02/05/2019 by BBC Radio 4
Melvyn Bragg and guests discuss the most destructive riots in London’s history, which reached their peak on 7th June 1780 as troops fired on the crowd outside the Bank of England. The leader was Lord George Gordon, head of the Protestant Association, who objected to the relaxing of laws against Catholics. At first the protest outside Parliament was peaceful but, when Gordon’s petition failed to persuade the Commons, rioting continued for days until the military started to shoot suspects in the street. It came as Britain was losing the war to hold on to colonies in North America.
The image above shows a crowd setting fire to Newgate Prison and freeing prisoners by the authority of ‘His Majesty, King Mob.’
Professor of English at the University of Roehampton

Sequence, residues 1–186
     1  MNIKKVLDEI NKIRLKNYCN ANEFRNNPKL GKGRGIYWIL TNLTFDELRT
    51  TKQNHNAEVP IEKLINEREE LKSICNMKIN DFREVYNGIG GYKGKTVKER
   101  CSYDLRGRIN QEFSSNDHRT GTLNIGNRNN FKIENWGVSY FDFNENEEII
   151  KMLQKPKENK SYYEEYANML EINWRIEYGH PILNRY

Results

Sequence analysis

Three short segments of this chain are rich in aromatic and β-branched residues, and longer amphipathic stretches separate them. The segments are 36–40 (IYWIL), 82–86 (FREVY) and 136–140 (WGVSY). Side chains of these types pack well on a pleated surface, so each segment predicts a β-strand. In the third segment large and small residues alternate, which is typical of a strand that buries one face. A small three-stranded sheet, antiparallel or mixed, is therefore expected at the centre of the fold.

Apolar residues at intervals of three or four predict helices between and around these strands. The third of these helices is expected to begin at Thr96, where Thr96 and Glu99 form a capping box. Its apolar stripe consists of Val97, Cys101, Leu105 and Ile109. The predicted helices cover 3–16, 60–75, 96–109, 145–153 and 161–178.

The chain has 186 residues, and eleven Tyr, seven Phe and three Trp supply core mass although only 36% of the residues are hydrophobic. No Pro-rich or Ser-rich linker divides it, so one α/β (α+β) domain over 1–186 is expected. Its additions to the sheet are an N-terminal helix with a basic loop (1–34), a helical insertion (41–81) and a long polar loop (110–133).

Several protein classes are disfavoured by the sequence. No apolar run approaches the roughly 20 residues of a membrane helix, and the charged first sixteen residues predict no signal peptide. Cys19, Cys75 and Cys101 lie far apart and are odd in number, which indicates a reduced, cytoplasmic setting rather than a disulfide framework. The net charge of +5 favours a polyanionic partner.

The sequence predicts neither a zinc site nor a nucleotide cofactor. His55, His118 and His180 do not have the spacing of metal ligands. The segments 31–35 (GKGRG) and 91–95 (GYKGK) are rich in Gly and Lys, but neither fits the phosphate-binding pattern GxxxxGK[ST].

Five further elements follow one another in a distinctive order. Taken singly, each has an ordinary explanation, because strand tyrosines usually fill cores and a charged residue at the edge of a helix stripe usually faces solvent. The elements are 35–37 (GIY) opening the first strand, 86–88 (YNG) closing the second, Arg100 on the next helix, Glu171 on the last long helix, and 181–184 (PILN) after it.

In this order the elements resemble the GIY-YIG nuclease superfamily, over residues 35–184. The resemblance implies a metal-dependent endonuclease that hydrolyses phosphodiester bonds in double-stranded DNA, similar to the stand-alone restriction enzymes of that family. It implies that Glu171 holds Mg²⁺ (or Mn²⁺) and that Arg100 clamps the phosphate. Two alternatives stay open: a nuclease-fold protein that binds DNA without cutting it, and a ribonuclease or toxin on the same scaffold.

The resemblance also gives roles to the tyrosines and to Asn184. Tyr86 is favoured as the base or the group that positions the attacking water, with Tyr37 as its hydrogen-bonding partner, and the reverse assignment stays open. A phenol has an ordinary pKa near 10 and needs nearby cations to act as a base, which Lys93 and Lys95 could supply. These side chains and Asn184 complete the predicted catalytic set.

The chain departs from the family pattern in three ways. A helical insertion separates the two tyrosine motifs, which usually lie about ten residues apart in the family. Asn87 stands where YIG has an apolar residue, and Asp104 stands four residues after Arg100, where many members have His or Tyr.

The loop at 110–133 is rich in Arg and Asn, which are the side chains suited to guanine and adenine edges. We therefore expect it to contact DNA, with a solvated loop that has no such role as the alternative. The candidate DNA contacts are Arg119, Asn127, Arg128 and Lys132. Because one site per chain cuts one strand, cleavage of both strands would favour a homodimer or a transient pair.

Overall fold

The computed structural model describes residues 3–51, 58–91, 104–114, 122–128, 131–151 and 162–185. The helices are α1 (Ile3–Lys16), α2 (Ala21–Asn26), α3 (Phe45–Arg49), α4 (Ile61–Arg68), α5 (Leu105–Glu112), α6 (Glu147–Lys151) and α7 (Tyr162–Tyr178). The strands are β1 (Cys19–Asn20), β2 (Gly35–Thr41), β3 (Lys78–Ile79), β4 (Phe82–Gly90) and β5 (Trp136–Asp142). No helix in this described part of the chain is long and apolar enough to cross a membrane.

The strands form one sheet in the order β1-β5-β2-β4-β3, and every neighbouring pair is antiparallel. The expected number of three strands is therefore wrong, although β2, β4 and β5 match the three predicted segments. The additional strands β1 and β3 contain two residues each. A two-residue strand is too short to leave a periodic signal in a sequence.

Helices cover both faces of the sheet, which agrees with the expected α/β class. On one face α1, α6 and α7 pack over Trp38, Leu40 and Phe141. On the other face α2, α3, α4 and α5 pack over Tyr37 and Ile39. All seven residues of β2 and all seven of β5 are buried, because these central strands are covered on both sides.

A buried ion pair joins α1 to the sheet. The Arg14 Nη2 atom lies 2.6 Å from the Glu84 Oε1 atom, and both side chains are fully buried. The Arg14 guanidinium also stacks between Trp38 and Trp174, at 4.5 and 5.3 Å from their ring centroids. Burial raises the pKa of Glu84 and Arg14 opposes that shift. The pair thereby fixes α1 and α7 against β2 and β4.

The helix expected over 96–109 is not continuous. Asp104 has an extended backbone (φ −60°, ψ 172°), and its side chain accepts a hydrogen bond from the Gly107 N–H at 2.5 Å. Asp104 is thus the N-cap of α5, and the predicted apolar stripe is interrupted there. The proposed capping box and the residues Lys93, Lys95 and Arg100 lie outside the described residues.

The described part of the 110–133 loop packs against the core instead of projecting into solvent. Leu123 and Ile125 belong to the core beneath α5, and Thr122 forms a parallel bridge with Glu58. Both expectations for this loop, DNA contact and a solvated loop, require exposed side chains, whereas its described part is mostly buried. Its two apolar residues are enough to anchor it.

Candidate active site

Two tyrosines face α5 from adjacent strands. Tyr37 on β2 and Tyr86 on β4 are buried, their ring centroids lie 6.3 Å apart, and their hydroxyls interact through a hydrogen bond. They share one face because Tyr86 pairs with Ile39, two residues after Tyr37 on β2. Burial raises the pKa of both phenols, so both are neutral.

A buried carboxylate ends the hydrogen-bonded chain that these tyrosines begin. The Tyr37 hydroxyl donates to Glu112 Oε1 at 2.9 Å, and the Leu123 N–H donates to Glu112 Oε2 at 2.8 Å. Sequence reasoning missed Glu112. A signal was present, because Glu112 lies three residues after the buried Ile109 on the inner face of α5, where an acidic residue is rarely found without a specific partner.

Senior Lecturer in Modern British and Irish History and Director of the Centre for Eighteenth Century Studies at the University of York
Professor of History at the University of Warwick
Producer: Simon Tillotson
Listen Date: 2019-05-24
- I had never heard about these riots until earlier. I’ve been grumbling that In Our Time in 2019 is very British focused; and I now feel that just as the 2018 schedule was a massive slytweet at Trump; the 2019 schedule is passive aggressive Brexit commentary; what with this episode’s discussion of street protests and mobs and a country divided.
- So the rioters carefully emptied the houses of Catholics and burnt the loot; instead of indiscriminately burning things. I see.
- The interesting learning that there were English people who sympathised with the American rebels because they were fellow Protestants, and were aghast at the thought of the Army recruiting Catholic Scots to fight Protestants.
- Also, the whole prologue about how conquering Canada forced the United Kingdom into Catholic toleration.
- My father in law would probably enjoy this, considering his interest in demagoguery.
- I wonder if this is what inspired Night Watch.